Alabama farmers are gearing up to feed more people with fewer resources in the next few decades.
But, what skills will they need?
This question will be addressed at the 2013 Alabama Corn and Wheat Short Course, scheduled Dec. 16-17 at the E.V. Smith Research Center Conference Facility, located on 4725 County Road 40 in Shorter.
Brenda Ortiz, an Alabama Cooperative Extension System specialist and Auburn University assistant professor in the Department of Crop, Soil and Environmental Sciences, says this short course will essentially serve as a forum for Alabama wheat and corn producers, crop consultants, Extension agents and specialists to meet and to share key strategies for addressing these challenges.
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“Farmers are faced with increases in human populations all over the planet even as they deal with spiking fuel and related farm costs and all sorts of environmental issues,” Ortiz says.
“Farmers are being called on to rise to these challenges, and that’s the reason for this meeting — to provide them as well as crop consultants and Extension educators with a forum through which they can share and discuss these issues and identify responses.”
“We are hoping for an eye-opening, freewheeling discussion on the future of wheat and corn production in Alabama,” she says.
One major focus of the short course will be discussing how Extension recommendations formulated in other Southeastern states to address these key challenges can be tailored to Alabama crop conditions.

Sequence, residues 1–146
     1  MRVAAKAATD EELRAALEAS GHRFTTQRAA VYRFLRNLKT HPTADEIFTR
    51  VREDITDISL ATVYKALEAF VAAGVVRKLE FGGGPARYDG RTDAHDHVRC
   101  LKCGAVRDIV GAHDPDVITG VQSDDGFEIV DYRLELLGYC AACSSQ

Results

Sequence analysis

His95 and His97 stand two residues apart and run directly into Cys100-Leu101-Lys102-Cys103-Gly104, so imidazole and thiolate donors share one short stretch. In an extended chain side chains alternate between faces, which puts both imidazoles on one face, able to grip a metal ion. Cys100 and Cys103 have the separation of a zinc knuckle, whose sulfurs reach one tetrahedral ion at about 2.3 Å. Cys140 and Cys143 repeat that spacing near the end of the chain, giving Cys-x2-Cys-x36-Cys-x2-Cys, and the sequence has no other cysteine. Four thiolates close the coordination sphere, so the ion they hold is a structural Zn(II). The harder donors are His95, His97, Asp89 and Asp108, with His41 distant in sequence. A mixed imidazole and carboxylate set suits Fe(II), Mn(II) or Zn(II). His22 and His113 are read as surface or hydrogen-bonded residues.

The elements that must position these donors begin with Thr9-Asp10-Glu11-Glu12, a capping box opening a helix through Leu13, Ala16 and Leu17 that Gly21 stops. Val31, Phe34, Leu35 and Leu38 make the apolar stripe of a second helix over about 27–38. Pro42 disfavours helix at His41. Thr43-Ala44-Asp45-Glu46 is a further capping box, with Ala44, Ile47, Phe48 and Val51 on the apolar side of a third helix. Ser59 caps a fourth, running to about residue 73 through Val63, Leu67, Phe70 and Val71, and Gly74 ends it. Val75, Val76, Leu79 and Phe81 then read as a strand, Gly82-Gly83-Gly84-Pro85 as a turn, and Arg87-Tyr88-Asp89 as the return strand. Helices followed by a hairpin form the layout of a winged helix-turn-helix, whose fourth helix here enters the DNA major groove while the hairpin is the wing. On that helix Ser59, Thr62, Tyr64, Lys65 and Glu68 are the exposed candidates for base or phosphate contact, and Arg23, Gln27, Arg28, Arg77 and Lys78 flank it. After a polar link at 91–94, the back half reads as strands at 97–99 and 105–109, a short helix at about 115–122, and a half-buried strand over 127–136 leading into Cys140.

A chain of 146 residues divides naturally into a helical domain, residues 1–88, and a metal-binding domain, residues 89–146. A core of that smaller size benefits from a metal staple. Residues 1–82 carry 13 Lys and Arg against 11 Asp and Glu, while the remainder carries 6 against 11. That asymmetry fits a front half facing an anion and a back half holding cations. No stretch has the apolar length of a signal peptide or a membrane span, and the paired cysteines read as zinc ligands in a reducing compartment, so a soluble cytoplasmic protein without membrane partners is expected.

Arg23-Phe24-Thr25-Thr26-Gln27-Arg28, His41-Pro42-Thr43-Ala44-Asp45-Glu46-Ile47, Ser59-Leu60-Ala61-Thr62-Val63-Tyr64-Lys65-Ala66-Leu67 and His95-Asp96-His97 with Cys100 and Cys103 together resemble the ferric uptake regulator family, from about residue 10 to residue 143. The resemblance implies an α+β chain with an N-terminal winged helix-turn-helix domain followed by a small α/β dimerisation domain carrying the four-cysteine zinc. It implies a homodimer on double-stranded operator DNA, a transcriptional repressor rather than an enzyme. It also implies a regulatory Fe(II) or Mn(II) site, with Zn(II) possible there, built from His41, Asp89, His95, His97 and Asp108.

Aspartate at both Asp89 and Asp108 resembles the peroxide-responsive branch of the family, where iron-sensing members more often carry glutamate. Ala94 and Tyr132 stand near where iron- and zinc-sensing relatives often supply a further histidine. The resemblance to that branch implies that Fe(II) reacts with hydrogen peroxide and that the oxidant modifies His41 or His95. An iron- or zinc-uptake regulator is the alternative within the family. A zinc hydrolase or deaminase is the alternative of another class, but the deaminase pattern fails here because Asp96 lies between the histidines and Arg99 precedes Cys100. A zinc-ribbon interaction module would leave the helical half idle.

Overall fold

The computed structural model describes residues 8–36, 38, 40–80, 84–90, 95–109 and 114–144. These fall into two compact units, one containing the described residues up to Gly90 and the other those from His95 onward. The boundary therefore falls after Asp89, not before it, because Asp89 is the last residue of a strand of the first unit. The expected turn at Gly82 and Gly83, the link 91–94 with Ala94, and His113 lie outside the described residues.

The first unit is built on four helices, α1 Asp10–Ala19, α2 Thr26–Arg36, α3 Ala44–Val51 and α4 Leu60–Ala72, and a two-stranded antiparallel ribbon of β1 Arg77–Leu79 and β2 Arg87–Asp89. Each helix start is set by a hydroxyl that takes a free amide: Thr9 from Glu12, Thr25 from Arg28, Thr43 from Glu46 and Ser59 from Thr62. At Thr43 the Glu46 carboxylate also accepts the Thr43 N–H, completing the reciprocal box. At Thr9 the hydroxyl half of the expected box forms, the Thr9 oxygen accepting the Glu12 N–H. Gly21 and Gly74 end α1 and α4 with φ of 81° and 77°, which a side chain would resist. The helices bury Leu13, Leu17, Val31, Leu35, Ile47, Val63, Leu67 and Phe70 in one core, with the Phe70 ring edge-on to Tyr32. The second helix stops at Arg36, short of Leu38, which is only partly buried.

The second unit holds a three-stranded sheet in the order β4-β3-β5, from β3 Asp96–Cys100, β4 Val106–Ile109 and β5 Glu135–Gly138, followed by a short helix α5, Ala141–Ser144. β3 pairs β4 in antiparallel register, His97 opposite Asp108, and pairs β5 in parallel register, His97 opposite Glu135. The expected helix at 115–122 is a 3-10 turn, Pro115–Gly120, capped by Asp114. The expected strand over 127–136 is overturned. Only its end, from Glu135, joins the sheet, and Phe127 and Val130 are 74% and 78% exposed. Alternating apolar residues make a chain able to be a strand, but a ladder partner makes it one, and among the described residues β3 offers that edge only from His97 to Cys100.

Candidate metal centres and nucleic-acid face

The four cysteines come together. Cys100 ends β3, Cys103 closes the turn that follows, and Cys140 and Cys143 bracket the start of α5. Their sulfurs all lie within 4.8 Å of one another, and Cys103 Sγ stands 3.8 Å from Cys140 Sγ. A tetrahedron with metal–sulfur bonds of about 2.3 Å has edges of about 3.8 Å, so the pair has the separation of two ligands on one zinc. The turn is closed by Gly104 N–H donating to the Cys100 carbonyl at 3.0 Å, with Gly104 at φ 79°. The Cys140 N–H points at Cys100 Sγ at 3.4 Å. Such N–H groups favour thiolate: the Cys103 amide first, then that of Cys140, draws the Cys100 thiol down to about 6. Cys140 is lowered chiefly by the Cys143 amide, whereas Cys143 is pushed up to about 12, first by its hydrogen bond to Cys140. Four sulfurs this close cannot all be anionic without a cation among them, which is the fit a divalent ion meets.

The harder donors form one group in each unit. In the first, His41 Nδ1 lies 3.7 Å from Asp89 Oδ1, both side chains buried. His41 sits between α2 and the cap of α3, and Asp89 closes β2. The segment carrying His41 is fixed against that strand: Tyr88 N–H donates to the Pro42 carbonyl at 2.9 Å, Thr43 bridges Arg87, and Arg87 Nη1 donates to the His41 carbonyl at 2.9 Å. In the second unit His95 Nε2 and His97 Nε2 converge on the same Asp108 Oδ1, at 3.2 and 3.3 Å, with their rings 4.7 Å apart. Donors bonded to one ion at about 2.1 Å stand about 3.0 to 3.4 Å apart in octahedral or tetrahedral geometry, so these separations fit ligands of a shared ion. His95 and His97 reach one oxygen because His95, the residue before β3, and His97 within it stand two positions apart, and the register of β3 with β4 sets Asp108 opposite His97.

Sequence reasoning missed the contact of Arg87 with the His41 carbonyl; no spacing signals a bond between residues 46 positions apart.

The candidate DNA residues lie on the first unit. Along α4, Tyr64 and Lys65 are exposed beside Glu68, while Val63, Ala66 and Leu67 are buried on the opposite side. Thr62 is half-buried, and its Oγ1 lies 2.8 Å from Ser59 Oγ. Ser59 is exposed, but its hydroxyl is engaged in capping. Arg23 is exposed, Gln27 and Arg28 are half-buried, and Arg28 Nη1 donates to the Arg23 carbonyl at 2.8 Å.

“The good news is that farmers in Alabama and throughout the country are consistently demonstrating it is possible to raise yields while remaining environmentally sustainable, and that’s one of the stories we want to tell at this short course.”
Ortiz says this short course will feature an all-star cast of Extension faculty from seven land-grant universities: the University of Arkansas, Auburn University, the University of Georgia, the University of Kentucky, Mississippi State University, North Carolina State University and Oklahoma State University.
Researchers from the U.S. Department of Agriculture’s Agricultural Research Service will also speak.
One of the highlights of the short course will be a growers’ panel. The panelists will discuss how the various topics explored at the short course can be applied to their own farming operations.
The two-day course will cover all facets of corn and wheat production. The first day will begin with a discussion of the overall corn and wheat crop economic outlook, followed by presentations on planting systems and seeding operations, nitrogen fertilization, seeding and spacing requirements, weed management and climate forecasting.
Topics covered on the second day will include irrigation strategies and pest and disease management.
The second day will be capped off with a discussion of the role private industry will serve in helping growers meet these challenges.
The second day will also include a discussion of how growers can make more effective use of social media, not only how to follow trending farming issues more closely but also how to share their views with other growers and how to communicate more effectively with laypeople about farming issues.
Certified Crop Advisor Units (CEUs) will be available.
To register, e-mail firstname.lastname@example.org or call (334) 844-3899.
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